Love, Loss, and What We Watched: The Case for Tracking Your Film and TV Consumption
Eliza Smith on How Streaming Marks Time in a Timeless Pandemic
As the Gregorian calendar rolled over into 2022, the sentiments on Twitter—aka where I sense the vibes of my peers—was that this whole “time” thing is all nonsense, our lives have been in stasis since March 2020 and continue to be stalled, we’re all just waiting for the wheels to start turning again, to break out of the loop.
I definitely feel this way, too. Living through my first pandemic, particularly post-vaccine when I naively assumed Things Would Be Better, has been tedious, and infuriating, and depressing. I went in at 30 and am about to turn 32, years that I expected to have a lot more momentum behind them. It reminds me of times in my life when I’ve experienced deep, deep grief—in one case, basically disassociating for an entire year. If pressed, there’s little I could tell you about 2008 to 2009, like there’s little I can tell you about 2020 to 2022. I used to measure my years by trips taken, relationships nurtured, birthdays and nuptials and holidays celebrated en masse, experiences that took me by surprise. There’s not much room for surprise at this point in the pandemic, unless you count new variants.
But as much as I commiserate with the feeling of stasis, I still find myself resisting it. The fact is that time is still passing, we are still living, albeit a lot more quietly. I’m trying to conceive of this period as a season—a long and dreary one, yes, but a season that will eventually pass. I’m also clinging to a new way of marking the passing of time.
At the beginning of 2021, I started recording every TV show and movie I watched. I’d been tracking my reading for years, but I was consuming so much more film and TV than I ever had before, and I didn’t want all that watching to just disappear into the ether like everything else. I dutifully recorded it all, and on the last day of the year, when I scrolled through my list, I found that recalling what I watched reminded me, palpably, of how I’d felt.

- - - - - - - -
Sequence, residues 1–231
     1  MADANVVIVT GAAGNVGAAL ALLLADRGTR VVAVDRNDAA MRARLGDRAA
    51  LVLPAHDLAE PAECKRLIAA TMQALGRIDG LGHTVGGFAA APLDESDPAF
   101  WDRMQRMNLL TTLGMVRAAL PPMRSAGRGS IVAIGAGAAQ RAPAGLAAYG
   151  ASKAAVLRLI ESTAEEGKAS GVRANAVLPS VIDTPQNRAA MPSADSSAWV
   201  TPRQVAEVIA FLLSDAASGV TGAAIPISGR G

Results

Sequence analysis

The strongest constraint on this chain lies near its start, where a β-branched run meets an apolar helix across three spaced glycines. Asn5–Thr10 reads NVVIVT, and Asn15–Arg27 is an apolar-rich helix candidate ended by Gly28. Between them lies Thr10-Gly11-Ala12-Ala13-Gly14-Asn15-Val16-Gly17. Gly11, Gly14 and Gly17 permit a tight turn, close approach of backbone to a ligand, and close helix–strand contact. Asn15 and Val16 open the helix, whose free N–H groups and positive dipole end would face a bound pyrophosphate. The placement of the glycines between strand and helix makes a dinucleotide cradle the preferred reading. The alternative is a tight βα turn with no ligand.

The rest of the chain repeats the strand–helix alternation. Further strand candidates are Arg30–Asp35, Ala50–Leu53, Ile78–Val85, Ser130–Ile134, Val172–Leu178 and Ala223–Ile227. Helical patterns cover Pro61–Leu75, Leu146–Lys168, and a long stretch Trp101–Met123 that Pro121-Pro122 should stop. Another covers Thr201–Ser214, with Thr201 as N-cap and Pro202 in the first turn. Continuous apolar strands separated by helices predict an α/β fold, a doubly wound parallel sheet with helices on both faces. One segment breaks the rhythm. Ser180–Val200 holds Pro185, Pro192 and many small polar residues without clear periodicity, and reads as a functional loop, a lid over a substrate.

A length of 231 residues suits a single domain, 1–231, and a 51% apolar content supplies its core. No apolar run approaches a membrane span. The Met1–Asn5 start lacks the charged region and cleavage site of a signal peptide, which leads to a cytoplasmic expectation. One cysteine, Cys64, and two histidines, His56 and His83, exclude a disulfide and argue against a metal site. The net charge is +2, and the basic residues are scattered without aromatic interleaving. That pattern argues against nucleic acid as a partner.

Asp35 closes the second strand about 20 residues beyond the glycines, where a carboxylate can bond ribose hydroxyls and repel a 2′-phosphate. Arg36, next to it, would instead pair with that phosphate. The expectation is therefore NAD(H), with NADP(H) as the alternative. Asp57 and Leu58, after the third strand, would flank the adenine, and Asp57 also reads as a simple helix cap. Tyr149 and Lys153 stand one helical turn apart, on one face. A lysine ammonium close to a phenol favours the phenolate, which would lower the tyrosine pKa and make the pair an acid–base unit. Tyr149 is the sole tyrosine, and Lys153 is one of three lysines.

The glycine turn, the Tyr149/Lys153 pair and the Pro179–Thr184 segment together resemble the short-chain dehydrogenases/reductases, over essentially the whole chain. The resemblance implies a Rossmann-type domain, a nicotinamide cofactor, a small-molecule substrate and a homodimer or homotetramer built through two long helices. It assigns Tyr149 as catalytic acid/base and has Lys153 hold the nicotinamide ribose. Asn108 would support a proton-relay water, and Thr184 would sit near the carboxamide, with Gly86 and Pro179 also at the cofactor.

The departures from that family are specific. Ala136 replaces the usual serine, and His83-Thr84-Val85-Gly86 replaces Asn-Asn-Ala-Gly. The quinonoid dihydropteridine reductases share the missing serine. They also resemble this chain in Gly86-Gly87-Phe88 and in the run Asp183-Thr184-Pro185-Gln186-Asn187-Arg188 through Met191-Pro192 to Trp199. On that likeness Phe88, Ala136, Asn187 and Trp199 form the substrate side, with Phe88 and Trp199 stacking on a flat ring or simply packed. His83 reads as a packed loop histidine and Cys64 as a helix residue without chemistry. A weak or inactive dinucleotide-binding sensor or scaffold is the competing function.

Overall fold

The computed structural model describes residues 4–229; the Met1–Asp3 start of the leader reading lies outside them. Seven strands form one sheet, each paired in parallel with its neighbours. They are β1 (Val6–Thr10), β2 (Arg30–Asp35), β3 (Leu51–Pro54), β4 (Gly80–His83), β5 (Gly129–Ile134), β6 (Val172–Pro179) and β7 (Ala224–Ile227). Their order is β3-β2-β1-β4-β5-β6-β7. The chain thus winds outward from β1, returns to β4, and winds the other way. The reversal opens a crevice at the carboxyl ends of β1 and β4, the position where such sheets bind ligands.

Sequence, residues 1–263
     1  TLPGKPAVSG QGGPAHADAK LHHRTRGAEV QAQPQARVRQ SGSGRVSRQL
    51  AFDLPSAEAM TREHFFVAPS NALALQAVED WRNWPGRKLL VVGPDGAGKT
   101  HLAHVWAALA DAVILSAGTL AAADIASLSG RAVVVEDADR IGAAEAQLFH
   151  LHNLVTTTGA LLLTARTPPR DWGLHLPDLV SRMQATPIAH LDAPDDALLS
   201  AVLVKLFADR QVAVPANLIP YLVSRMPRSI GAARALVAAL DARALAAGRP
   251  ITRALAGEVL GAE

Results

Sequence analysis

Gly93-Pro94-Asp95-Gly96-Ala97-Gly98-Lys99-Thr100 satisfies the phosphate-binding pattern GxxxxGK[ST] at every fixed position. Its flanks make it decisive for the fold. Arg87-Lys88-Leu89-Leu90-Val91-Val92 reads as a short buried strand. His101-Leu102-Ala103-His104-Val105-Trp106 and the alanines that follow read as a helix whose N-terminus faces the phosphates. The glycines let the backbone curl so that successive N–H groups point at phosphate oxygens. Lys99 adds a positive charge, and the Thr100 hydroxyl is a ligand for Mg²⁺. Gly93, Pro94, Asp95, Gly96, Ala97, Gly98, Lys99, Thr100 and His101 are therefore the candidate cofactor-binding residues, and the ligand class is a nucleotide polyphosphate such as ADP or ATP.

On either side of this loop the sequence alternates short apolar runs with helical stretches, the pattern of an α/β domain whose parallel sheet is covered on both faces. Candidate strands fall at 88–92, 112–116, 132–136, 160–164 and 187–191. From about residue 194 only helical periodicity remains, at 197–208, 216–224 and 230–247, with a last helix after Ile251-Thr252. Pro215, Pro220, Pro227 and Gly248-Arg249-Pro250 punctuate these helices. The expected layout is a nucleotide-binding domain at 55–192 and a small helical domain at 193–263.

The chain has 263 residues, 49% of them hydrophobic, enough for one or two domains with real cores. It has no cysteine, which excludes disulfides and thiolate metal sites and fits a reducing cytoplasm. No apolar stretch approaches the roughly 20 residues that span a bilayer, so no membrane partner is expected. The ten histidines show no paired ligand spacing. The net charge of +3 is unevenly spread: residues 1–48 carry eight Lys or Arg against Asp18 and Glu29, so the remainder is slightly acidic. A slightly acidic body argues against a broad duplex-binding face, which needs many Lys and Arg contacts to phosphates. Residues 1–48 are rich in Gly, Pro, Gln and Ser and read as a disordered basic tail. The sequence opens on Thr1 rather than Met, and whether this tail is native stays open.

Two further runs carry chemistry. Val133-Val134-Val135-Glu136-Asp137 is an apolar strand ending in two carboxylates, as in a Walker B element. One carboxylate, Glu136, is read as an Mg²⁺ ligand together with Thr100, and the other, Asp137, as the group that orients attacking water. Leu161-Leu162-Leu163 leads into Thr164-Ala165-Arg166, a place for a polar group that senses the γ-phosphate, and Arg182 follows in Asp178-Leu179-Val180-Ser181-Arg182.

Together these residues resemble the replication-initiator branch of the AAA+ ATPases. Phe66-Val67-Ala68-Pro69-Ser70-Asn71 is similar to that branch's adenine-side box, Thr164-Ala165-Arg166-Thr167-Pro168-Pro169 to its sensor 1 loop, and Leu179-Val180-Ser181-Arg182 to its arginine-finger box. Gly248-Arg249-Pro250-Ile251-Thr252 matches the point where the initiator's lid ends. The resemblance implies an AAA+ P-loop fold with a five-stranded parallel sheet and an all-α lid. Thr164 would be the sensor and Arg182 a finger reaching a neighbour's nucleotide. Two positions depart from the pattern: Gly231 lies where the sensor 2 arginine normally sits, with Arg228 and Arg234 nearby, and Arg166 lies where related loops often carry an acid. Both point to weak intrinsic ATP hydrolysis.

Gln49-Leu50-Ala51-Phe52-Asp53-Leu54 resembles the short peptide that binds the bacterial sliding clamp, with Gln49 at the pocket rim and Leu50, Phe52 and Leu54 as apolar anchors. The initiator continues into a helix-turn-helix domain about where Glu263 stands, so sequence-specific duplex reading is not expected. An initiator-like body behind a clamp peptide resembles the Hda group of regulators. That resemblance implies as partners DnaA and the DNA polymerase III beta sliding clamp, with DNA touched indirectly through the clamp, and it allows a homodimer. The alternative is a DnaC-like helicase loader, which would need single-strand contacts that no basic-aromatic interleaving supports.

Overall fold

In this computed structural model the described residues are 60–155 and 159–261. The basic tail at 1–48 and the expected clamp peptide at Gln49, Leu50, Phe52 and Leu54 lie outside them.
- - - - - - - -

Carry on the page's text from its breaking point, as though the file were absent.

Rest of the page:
When I saw that I started off the year watching Merlin (specifically so I could read this spoiler-free), I remembered that for those first couple of cold, dark months in Missoula, I spent most of my evenings home alone, watching Arthur and Merlin absolutely fall in love, until my boyfriend got home from work at midnight and I gave him a play-by-play of the night’s episodes, the only thing I had to talk about.
When I think of Minari, I think of my first pandemic birthday and the family crisis that was simultaneously unfolding, and how I’d desperately wished that I’d picked something a bit lighter (no shade at all to Minari, a wonderful film).
The trippy 9 to 5, for which Dolly Parton wrote that total banger, was the first movie I saw in theaters post-vaccine, in the summer, as part of the local indie theater’s Movie Cult series, and I felt so much hope about the future, I thought we were really on the cusp of something. The Mitchells vs the Machines coincided with my first trip home in ten months, and my nieces, who’d grown drastically in my absence, teased me when I cried at the ending. Meanwhile, The Leftovers recalls weeks spent locked indoors during the West’s historic heat wave and wildfires, hauling our mattress to the living room so we could sleep under the ceiling fan’s tepid breeze.When I think of Minari, I think of my first pandemic birthday.
The catalog chronicles my project of compiling the perfect movies-to-watch-while-stoned list (a starter kit: Psycho Goreman, Extra Ordinary, Hausu, Mars Attacks!), and the first year of a new weekly tradition, Tinsel Tuesday, in which my boyfriend and I watch classics we’ve missed (Citizen Kane, Casablanca, In the Mood for Love)—which eventually devolved into me just picking more stoner movies (Gremlins 2, Total Recall, Vampire’s Kiss). It reminds me of the treats my friend Gwynn introduced me to when I visited after her mastectomy (Grace and Frankie is a gift), texting my friend Haley a live stream of my inaugural One Tree Hill watch (an ongoing activity that I’m sure she appreciates), and launching a new film and TV newsletter at Lit Hub, What to Watch, which sends me to slashers and Spaceballs and Station Eleven.
Maybe watching endless hours of television isn’t the most fulfilling way to spend a year (I am attempting to take up knitting for some tactile experience, TBD on the success of that venture), but in this timeless pandemic, my streaming consumption charts the course of my emotional landscape, in a more tangible way than my reading list does (maybe because it takes a lot longer to watch 65 episodes of Merlin than it does to read My Brilliant Friend). It’s not much, but it’s not nothing. And in this long, dreary season, not nothing is enough for me.
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